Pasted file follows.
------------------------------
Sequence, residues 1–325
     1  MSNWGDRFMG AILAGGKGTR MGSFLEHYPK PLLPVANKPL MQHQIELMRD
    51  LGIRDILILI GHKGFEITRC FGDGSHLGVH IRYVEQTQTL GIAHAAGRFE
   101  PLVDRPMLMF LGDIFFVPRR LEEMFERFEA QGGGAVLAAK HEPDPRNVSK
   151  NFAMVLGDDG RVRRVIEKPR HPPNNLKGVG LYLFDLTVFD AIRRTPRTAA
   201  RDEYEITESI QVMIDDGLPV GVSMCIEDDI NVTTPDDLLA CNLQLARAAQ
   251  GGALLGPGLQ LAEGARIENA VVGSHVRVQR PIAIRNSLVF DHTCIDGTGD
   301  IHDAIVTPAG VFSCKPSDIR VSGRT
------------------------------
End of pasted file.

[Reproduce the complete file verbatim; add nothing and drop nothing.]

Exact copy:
Sequence, residues 1–325
     1  MSNWGDRFMG AILAGGKGTR MGSFLEHYPK PLLPVANKPL MQHQIELMRD
    51  LGIRDILILI GHKGFEITRC FGDGSHLGVH IRYVEQTQTL GIAHAAGRFE
   101  PLVDRPMLMF LGDIFFVPRR LEEMFERFEA QGGGAVLAAK HEPDPRNVSK
   151  NFAMVLGDDG RVRRVIEKPR HPPNNLKGVG LYLFDLTVFD AIRRTPRTAA
   201  RDEYEITESI QVMIDDGLPV GVSMCIEDDI NVTTPDDLLA CNLQLARAAQ
   251  GGALLGPGLQ LAEGARIENA VVGSHVRVQR PIAIRNSLVF DHTCIDGTGD
   301  IHDAIVTPAG VFSCKPSDIR VSGRT